In this blog, we will see how we can interface an OLED display with a PSoC 6 device and add it to our application to make a simple standalone system. We developed a ModusToolbox application to interface a DHT-11 sensor with a PSoC 6 device and print the values on a serial terminal application. Printing on a serial terminal implies that the device needs to be always connected to a PC which can be an inconvenience.

If you are new to the blog series, then you can refer to the previous blog here.

 

A quick description on the OLED display before we get started. There are many variations of OLED displays to choose from. I am using an OLED display module containing an SSD1306 controller that is manufactured by Solomon Systech Limited and a 128x64 pixel dot-matrix OLED. This is a monochrome OLED display and can be interfaced using the I2C interface. Additional information about this display can be found here.

 

At this point, you might be expecting me to talk about the driver files needed by the OLED display and how to write low-level I2C interface APIs to interact with the driver files. Now, what if I told you that we have a ready-made board utility library that you can use right off the bat? That’s right! We have one! To add to it, we can now use the emWin library with OLED displays. Isn't that cool!

 

We will start with the application developed in the previous blog. If you do not have the application, you can download it from here. Build and program the application once to confirm that you have the application set up and are ready to begin. To use the OLED display we need to import the libraries and we are going to do just that. Open Library Manager and enable abstraction-rtos (under Abstraction Layers), display-oled-ssd1306 (under Board Utils) and emwin (under PSoC 6 Middleware). After the libraries are imported, open the application makefile, and add EMWIN_OSNTS and FREERTOS to the COMPONENTS variable as shown:

 

COMPONENTS+=EMWIN_OSNTS FREERTOS

 

Just a few more steps, we are almost there. Copy FreeRTOSConfig.h file from <makefile_directory>/libs/freertos/Source/portable directory to <makefile_directory>/source directory. The <makefile_directory> is the directory in which the application makefile exists. The makefile will now consider the copied FreeRTOSConfig.h (in the source directory) and ignore the .h file in the libs directory. Now we need to make the following edits in the FreeRTOSConfig.h file that we copied to the source directory:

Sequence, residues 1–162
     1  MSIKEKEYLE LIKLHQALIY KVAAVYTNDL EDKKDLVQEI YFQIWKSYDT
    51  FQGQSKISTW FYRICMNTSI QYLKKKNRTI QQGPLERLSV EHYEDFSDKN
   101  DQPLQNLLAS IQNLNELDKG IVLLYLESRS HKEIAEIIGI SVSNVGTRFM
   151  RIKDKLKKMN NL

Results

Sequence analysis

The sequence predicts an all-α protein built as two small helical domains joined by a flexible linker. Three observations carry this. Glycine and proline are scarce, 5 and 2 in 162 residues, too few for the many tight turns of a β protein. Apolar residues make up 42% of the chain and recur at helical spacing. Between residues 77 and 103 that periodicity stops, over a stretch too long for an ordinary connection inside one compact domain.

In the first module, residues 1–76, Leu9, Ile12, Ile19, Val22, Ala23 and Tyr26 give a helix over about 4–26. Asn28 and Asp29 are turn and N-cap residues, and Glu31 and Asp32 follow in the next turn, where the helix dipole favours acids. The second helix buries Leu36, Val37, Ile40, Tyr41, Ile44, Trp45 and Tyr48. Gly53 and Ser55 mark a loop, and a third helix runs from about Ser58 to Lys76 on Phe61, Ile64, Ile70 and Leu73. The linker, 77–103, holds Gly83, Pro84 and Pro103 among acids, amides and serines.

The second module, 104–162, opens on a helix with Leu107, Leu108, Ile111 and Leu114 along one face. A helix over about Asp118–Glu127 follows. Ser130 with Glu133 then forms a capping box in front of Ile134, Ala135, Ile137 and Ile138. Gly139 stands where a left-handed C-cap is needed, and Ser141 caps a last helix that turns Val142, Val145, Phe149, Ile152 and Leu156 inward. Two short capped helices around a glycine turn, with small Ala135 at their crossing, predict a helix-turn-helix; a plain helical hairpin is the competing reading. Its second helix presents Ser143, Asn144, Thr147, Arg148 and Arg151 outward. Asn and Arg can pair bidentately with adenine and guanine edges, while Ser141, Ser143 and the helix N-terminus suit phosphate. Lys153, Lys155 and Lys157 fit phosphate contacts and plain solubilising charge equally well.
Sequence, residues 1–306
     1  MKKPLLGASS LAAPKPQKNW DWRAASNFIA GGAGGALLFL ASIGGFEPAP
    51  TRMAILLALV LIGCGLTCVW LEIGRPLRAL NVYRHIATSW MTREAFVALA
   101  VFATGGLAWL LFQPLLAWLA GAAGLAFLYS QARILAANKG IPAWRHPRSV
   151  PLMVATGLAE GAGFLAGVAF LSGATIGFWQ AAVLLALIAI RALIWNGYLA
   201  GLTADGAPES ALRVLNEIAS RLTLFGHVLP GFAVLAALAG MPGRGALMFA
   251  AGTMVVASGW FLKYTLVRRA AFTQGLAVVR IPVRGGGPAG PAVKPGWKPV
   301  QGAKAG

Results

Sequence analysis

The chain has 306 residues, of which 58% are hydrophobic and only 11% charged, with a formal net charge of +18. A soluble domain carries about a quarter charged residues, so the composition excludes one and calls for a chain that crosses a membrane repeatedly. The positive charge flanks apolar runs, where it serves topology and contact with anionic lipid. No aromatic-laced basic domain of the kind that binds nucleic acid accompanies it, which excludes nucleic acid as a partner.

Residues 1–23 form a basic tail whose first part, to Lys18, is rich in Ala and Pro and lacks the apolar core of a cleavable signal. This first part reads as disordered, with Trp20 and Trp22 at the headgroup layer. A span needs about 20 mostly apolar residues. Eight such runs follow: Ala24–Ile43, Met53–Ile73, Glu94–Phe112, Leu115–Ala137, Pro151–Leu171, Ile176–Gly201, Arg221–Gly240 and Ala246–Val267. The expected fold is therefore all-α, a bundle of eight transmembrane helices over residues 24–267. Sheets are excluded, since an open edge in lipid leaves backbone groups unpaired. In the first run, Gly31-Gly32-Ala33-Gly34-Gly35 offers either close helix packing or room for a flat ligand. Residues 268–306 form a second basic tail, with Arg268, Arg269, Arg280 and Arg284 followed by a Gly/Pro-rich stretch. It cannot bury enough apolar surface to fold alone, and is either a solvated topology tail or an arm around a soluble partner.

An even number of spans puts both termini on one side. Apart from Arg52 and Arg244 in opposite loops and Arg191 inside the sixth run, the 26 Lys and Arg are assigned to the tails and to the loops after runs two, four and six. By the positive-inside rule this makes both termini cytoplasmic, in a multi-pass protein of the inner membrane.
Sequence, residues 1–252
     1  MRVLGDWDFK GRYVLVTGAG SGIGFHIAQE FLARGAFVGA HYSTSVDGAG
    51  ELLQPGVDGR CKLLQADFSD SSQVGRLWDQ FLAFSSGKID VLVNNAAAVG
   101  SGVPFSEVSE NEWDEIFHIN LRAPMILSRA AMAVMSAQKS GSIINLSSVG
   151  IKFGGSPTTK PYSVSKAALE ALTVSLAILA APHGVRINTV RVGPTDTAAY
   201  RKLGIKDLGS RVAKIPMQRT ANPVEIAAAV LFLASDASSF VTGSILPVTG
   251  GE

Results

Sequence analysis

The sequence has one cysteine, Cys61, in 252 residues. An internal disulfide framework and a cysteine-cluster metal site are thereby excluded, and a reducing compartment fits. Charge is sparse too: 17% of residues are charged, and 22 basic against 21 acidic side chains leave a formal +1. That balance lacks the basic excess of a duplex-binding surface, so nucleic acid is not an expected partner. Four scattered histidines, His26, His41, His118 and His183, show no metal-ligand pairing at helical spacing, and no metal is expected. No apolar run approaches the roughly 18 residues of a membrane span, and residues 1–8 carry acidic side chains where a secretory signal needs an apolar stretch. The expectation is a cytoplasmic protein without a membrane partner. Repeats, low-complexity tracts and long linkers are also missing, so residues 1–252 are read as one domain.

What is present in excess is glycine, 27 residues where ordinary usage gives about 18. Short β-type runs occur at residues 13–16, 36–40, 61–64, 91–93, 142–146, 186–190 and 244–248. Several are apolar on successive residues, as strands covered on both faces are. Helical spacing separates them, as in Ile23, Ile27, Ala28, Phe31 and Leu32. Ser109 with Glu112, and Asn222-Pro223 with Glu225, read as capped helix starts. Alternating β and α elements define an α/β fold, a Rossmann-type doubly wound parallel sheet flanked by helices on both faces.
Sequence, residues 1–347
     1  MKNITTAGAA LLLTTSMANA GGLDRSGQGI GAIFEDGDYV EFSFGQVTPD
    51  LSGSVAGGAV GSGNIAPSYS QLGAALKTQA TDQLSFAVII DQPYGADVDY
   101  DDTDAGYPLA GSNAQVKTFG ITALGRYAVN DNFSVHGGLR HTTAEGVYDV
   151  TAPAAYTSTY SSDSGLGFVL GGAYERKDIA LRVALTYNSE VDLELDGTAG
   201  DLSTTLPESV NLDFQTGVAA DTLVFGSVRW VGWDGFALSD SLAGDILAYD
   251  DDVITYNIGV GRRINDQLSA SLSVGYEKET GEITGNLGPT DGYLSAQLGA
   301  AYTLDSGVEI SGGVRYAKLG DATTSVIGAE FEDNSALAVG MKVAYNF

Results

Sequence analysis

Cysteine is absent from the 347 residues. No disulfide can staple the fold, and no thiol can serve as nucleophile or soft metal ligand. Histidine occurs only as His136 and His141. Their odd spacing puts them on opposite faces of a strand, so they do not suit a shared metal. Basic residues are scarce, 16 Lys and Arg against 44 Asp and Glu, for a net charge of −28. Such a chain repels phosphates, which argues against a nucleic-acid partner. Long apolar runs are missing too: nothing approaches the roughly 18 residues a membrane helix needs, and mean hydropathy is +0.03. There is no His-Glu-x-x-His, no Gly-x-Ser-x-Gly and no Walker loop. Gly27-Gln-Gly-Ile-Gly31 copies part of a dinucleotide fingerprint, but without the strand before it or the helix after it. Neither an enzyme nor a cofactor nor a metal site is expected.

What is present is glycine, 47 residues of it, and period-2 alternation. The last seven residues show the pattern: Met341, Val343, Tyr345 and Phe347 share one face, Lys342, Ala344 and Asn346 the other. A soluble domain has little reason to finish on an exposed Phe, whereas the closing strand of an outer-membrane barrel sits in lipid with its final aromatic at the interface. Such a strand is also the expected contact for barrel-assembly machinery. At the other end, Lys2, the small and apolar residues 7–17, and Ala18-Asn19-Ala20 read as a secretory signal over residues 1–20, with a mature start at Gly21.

1. Comment “#warning This is a template” line
  2. Change the values of configUSE_MUTEXES and configUSE_RECURSIVE_MUTEXES macros to 1 like this –

          #define configUSE_MUTEXES                       1

#define configUSE_RECURSIVE_MUTEXES             1

 

All done? Good! We now have the libraries needed for our application set up. Go ahead and build the project to ensure the libraries are set up correctly.

 

Next, create oled_task.h/.c files which will have the OLED Task for our application. The first step is to initialize the display and the libraries. To do that:

  1. Include mtb_ssd1306.h and GUI.h
  2. Initialize I2C peripheral using the I2C HAL Driver
  3. Initialize the OLED display using mtb_ssd1306_init_i2c() API
  4. Finally, initialize the emWin library using GUI_Init() API

If you are stuck or face any issues with the above steps you can refer to the Display OLED SSD1306 Guide. After you are done with these steps, your OLED task should be something similar to this:

You can now use the emWin library APIs in your task to interact with the OLED display. emWin Library has a vast set of features and I will not be covering all the features in this blog post. Refer to the emWin Graphics Library Guide for more information on all the features available. Let me explain what I have done so that you can try and replicate the same.

 

After initialization the OLED task performs the following functions:

  1. Displays the Infineon + Cypress logo
  2. Displays the tagline
  3. In the loop, it continuously updates the humidity and temperature readings

 

Digging into each of these functions in a little more detail:

 

Displaying the logo:

 

Just showing the humidity and temperature will achieve our end goal but to make things a bit more interesting I decided to display the Infineon + Cypress logo and the tagline. This way I get to learn how to display images using emWin! To display an image you will have to first convert the image into a C structure. How do you do that? I will get to this question at the end of this blog. If you know how to do that, great! If not, for now, let's assume we have the structure ready. Once you have the C structure, you first need to set the colour of the image and the background colour and then display the image using the emWin API - GUI_DrawBitmap(). The image needs to stay for a while for us to perceive the image, so a delay is added and then the display is cleared each time using GUI_Clear().